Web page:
Pre-Multimedia: The Light Show

The first glimmer of multimedia spectacle was the light show, which originated in San Francisco during the early and mid-'60s hippie scene. As LSD was abundant and still legal in California in 1966, Ken Kesey and his followers took full advantage and traveled across the United States and Mexico conducting “acid tests,” advocating LSD as a mind-expanding tool. Early mixed-media events soon sprang out of this movement, creating an environment within music that would mimic and enhance the drug experience.

One of the most memorable, the Trips Festival, was held at the Longshoremen's Hall in San Francisco for three days in January 1966. Soon, Bay Area light shows began popping up all over, with trippy names like Garden of Delights, Head Lights, and Pacific Grass and Electric. The shows used overhead projectors, dishes, and colored oils to create bubbling, swirling images that seemed to ooze and pulsate on huge screens.

Ray Anderson, formally of the Holy See light show, now owner of Grooves Records on Market Street, says, “The idea was to creatively manipulate what you found in the dumpster and then juxtapose that with what pictures you shot of the band or what you might have shot when inspired by the music.

“We used about 15 to 20 projectors simultaneously in an evening. We used overhead projectors and color wheels, strobes, clock faces, and dishes in various sizes. We mixed dyes, liquids, and oils and manipulated them. We used as many as a dozen carousel slide projectors or other slide projectors and as many as five movie projectors that would run either reels or loops. We used everything; you really had to work the limit.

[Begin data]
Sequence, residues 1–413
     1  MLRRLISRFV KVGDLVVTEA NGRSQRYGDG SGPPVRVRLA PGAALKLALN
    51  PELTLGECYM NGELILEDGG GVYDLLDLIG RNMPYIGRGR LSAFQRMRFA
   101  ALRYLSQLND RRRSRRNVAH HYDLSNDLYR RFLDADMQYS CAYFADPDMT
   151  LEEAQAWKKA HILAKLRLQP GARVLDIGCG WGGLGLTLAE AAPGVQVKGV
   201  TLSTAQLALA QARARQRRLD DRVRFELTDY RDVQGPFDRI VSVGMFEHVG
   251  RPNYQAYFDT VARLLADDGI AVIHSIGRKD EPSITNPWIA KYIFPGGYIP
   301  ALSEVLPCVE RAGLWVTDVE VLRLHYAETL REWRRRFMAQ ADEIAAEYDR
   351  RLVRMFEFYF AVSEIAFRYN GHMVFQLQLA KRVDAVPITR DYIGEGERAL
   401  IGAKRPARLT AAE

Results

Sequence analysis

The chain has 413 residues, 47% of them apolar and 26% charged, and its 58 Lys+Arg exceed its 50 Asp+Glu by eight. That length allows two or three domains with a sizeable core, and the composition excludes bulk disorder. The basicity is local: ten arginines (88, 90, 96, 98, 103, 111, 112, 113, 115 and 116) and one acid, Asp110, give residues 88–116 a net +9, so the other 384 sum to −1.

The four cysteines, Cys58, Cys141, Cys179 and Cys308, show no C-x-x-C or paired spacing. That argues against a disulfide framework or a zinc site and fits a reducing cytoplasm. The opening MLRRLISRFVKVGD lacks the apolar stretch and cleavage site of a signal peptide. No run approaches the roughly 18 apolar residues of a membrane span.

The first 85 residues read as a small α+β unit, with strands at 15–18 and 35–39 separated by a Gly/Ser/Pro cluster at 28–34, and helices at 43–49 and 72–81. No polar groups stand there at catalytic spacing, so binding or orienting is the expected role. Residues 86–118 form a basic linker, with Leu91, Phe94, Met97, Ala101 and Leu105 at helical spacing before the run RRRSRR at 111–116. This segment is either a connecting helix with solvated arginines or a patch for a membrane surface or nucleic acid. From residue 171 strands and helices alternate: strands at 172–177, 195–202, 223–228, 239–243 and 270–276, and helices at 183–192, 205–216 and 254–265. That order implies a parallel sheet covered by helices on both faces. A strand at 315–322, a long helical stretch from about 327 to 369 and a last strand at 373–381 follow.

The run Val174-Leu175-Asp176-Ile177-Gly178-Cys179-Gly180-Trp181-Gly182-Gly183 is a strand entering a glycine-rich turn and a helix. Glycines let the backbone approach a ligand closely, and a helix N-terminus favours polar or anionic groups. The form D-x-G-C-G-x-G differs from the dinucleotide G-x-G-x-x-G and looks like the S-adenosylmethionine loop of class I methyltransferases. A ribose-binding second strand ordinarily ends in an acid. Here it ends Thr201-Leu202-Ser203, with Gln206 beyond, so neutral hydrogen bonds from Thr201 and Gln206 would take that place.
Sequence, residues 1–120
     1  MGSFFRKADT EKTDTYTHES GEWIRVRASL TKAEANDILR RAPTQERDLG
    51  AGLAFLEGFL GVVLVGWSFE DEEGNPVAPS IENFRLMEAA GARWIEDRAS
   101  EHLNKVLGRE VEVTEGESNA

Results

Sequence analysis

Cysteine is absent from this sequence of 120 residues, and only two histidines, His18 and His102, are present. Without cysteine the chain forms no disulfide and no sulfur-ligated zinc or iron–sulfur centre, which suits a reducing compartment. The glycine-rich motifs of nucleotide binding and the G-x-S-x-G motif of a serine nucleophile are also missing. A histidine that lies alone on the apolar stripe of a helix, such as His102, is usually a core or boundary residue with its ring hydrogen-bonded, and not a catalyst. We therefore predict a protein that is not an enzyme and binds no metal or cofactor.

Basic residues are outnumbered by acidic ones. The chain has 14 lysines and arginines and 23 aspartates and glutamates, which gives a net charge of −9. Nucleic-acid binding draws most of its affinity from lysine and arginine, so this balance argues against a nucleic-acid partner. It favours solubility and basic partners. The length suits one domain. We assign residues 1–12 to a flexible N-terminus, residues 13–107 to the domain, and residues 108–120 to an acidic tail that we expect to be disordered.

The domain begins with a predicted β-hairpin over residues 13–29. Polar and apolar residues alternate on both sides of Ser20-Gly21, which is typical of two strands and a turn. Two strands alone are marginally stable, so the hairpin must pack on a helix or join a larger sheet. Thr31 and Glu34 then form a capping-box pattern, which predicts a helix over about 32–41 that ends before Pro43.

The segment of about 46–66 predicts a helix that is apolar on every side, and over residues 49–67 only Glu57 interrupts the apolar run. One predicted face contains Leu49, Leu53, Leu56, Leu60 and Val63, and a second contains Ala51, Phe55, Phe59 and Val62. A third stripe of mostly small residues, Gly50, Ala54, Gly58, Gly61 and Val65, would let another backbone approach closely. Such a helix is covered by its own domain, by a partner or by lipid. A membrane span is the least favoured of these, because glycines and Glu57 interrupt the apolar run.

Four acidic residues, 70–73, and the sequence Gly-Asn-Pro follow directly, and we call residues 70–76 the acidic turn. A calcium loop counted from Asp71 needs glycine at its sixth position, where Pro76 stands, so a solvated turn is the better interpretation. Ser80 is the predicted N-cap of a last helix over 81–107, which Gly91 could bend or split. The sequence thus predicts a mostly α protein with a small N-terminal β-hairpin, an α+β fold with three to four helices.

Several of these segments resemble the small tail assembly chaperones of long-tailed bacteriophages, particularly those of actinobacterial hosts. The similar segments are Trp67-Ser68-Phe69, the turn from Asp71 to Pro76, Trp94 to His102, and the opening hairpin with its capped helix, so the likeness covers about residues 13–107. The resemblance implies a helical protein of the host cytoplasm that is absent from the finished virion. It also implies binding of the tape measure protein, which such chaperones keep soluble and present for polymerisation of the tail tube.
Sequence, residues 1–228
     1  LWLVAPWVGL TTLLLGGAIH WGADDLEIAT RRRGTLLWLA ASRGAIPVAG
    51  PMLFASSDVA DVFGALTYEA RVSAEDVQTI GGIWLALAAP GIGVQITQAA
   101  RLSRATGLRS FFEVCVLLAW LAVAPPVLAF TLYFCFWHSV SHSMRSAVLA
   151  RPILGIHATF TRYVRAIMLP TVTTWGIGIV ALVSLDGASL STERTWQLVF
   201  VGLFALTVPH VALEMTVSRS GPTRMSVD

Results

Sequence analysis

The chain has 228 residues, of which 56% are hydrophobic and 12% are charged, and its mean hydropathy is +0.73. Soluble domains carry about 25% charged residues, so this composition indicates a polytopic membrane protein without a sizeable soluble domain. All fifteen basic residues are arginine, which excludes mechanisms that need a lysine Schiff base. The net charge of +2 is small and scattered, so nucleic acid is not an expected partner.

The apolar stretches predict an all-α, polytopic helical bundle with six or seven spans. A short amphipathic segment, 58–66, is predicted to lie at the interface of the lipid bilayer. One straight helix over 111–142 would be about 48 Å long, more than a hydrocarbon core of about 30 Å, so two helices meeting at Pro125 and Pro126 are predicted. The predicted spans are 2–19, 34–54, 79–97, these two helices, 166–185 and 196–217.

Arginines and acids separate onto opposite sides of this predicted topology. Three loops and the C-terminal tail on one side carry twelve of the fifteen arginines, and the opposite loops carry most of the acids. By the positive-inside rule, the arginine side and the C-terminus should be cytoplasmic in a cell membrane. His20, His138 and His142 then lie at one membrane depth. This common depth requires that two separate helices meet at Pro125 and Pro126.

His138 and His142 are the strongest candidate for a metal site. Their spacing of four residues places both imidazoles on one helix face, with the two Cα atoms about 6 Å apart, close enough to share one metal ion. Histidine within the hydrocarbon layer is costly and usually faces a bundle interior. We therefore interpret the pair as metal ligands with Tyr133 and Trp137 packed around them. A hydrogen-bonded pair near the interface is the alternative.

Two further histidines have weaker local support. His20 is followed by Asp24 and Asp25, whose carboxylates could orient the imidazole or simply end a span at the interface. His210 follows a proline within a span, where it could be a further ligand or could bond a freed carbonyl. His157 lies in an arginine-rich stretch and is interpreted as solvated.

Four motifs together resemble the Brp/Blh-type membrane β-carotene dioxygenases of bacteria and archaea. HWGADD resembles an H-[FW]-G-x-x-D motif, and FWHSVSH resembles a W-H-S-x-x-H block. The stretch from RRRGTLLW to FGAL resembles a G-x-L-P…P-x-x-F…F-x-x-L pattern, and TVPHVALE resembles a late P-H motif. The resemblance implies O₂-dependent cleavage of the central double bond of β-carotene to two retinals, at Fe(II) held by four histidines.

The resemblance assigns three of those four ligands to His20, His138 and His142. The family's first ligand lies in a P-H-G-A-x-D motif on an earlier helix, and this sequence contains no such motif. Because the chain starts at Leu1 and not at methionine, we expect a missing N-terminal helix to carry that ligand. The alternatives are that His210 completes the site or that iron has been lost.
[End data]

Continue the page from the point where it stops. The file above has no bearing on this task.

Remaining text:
“We would have Polaroid cam-eras with transparency film. If one worked quickly, one could take a picture of the people in front of the bandstand and in two or three minutes get it down to the projector and on the screen.

“When we did shows at Winterland — those screens were just huge — we made the largest rear-screen projection in California out of waterbed plastic. Our source for equipment was the Army Surplus Store.

“In England, they would use a slide projector with a glass envelope filled with crushed artist oils and colors. Then they would put a curling iron underneath to make it bubble. Someone else I met, working again with the glass envelope, used laboratory staining dyes. He had half a dozen syringes in a case at the top and more syringes at the bottom. It pushed colors in the top and pulled them out the bottom.

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